In the desert cities of the region on both sides of the US-Mexico border, the 3:40 p.m. quake knocked buildings off foundations; threw chunks of facades into the streets; and shut down electric, Internet, and cellphone services. Furniture inside homes and businesses was upended. More than 30 aftershocks rattled the area as of 8:30 p.m., sending people into protective crouches or running outdoors.
Mexicali hit harder
In Mexicali, a poor city of 760,000, the Cronica news website reported two deaths and that the Mexicali-Tijuana highway, a key link to the west, was impassible in at least one spot where a bridge had collapsed.
The Imperial County Emergency Operations Center "has been in contact with officials from Mexicali and are assisting in their requests for mutual aid," Ms. Carillo says. "Initial reports from Mexicali indicate widespread power and water outages and structural damage to some buildings."
The busy US-Mexican port of entry between Mexicali and Calexico, Calif., was closed because it "has major cracks in the plaster falling from walls and ceilings," says Victor Brabble, a spokesman for the El Centro Sector Border Patrol. Power was also knocked out to the port of entry.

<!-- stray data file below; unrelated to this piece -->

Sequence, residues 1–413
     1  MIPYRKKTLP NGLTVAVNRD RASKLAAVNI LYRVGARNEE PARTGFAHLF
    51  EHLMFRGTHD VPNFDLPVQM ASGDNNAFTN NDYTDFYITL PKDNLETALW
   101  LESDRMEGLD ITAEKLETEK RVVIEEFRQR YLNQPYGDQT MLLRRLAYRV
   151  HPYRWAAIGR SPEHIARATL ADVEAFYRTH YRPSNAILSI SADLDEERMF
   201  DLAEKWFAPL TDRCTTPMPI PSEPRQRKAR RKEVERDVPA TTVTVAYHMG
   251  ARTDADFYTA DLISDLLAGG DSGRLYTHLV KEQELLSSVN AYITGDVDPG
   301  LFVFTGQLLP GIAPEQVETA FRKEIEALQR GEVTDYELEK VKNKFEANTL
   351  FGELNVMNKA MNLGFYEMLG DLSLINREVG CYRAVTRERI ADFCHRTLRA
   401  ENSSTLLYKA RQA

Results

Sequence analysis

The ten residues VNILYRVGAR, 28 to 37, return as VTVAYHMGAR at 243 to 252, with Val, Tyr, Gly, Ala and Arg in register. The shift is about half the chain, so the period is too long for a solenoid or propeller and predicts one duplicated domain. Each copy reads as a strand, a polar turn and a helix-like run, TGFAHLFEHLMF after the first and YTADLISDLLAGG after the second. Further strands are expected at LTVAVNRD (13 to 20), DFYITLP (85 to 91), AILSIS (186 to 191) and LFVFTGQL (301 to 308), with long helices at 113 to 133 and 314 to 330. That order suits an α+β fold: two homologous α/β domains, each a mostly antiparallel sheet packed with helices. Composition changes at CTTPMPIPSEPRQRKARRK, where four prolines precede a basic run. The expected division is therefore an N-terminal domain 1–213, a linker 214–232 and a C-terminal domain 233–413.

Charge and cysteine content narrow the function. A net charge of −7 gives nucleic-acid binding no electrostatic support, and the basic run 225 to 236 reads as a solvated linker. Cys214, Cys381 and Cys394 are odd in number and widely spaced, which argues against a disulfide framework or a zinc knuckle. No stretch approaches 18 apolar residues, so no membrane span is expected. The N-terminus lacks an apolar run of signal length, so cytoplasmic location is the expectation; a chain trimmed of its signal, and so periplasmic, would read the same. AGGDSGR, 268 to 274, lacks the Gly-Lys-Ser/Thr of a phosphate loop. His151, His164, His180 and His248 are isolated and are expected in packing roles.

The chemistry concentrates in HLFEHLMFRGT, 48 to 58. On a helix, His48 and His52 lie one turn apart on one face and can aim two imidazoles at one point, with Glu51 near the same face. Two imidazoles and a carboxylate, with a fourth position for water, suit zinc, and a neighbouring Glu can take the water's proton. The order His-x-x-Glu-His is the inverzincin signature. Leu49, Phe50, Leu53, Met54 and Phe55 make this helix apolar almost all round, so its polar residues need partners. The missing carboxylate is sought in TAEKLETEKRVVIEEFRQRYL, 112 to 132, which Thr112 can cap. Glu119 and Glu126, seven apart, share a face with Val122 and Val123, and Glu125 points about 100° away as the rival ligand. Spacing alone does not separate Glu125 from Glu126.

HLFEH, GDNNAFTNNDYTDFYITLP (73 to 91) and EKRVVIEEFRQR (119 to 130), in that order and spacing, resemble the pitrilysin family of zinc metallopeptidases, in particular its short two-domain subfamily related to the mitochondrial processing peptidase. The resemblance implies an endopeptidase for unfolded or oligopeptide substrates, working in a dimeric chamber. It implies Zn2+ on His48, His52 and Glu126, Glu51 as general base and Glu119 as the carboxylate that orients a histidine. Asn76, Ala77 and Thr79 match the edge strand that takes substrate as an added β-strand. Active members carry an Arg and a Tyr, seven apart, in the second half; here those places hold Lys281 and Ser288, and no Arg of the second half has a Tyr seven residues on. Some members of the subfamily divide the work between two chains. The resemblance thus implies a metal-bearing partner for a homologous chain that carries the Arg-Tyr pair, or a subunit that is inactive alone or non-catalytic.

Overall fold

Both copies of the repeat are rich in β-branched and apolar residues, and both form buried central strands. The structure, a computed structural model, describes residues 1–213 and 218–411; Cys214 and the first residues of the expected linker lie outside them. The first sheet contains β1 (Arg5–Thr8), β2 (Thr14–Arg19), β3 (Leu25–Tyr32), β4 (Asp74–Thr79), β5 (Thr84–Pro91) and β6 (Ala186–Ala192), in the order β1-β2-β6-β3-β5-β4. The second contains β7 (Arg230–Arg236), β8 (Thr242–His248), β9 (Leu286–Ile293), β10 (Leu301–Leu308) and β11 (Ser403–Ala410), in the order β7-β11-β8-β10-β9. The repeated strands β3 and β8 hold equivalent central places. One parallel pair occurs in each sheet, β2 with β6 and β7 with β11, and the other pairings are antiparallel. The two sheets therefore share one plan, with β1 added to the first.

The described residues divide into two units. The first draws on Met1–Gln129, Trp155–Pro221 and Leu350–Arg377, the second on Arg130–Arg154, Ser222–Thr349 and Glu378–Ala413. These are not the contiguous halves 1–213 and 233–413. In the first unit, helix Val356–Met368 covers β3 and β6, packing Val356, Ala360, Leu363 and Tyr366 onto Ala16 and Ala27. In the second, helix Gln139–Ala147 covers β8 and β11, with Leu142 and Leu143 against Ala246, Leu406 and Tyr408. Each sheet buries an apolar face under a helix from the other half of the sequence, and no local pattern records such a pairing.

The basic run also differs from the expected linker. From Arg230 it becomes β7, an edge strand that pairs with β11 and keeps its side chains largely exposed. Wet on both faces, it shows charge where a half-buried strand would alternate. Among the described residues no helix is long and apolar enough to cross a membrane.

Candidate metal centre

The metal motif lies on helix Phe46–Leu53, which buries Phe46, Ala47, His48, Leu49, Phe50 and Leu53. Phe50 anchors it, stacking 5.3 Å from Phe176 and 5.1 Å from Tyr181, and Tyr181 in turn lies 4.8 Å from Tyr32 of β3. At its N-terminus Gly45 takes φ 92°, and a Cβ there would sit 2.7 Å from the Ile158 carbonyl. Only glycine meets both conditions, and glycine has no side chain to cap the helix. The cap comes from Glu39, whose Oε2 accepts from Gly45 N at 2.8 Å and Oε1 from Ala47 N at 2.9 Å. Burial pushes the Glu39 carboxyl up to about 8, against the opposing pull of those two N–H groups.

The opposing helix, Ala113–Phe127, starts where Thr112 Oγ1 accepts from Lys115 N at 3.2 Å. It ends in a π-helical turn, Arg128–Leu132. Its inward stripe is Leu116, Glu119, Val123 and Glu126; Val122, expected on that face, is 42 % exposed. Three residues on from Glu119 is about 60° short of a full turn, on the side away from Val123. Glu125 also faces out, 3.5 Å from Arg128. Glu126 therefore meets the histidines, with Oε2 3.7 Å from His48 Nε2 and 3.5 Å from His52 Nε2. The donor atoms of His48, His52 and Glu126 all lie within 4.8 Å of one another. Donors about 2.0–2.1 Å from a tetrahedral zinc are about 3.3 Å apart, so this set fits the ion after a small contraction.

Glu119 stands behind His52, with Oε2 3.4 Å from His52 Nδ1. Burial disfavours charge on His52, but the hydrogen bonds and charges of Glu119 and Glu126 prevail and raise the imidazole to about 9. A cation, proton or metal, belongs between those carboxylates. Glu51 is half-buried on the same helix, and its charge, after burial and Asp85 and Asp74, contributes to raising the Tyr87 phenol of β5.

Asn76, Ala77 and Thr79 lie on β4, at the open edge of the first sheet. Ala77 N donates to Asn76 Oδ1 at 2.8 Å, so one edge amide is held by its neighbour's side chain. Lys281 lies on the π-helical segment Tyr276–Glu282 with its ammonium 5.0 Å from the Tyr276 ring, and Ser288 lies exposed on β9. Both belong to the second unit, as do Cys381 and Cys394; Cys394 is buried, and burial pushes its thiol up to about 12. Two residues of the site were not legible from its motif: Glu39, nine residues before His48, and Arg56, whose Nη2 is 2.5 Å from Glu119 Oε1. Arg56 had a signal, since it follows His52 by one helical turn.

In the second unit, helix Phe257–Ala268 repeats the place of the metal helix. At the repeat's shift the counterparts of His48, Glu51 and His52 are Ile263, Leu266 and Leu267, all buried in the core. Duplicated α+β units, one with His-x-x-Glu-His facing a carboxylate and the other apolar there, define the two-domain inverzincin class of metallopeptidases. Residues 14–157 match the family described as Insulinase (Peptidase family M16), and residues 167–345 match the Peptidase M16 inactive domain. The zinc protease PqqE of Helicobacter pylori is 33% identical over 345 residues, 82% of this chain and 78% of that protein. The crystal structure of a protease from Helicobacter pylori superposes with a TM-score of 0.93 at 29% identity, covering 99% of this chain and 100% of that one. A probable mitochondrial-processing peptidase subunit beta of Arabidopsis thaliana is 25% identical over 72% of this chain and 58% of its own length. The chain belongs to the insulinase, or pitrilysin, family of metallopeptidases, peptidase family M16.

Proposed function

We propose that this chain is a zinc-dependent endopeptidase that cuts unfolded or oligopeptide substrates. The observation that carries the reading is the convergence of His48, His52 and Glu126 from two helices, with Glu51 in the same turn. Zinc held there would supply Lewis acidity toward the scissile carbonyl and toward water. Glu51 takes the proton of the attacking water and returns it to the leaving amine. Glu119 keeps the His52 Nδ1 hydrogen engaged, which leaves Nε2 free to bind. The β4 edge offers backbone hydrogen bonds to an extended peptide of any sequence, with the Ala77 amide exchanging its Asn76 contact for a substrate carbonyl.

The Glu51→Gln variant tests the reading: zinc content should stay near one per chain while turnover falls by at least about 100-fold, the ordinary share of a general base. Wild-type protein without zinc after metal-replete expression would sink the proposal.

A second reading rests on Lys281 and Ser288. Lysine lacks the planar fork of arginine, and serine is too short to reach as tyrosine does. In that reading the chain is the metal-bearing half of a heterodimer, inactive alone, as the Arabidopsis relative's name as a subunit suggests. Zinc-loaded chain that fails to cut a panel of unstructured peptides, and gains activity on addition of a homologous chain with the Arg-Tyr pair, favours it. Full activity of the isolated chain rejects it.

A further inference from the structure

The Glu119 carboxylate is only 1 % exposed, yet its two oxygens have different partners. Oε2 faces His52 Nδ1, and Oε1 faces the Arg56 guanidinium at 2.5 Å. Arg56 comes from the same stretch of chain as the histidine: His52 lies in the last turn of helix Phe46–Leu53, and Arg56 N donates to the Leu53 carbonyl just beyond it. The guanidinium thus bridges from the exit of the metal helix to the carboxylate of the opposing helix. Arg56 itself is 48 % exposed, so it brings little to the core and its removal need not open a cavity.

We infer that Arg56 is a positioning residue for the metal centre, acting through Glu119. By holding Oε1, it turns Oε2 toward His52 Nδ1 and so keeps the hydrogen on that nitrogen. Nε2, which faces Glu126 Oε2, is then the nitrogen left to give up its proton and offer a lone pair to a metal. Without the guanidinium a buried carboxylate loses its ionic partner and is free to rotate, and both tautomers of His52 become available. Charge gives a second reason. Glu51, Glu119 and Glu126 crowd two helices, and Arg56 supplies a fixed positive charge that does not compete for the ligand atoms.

Mr. Brabble does not know when the port will reopen. In the meantime, the Border Patrol is helping to maintain law and order, he says. "The Border Patrol is assisting its community partners in Calexico by keeping pedestrians away from damaged property to prevent looting or vandalism," he adds.
Residents talk about the quake
Alejandra Gastelum, a resident of Calexico, said she was returning from a visit with her grandmother in the Rio Culiacan district of Mexicali, about five miles south of the border, when the quake hit. "The power lines, which are everywhere in Mexicali, they were crashing against the buildings and falling all over the place. Windows were breaking everywhere," she said.
She grew up in this agricultural area, which has frequent earthquakes, and said she was with her boys at a Holiday Inn Express when the rolling started. “At first I thought, ‘Yea! The kids are experiencing their first quake,' and then lamps were falling, glass was shattering, and the TV fell over,” she said.
Many gas stations in this area were closed as a safety precaution. Ruben Anaya, the manager of a Shell gasoline station in El Centro, said he closed his fueling stations following the earthquake. "If you don't shut it down, you don't know if they'll crack and start leaking through into the soil, or, well, cause an explosion," he said.
At the few that did remain open, long lines of cars formed, many of them recreational vehicles of tourists who come to the area during holidays like Easter for off-road desert racing.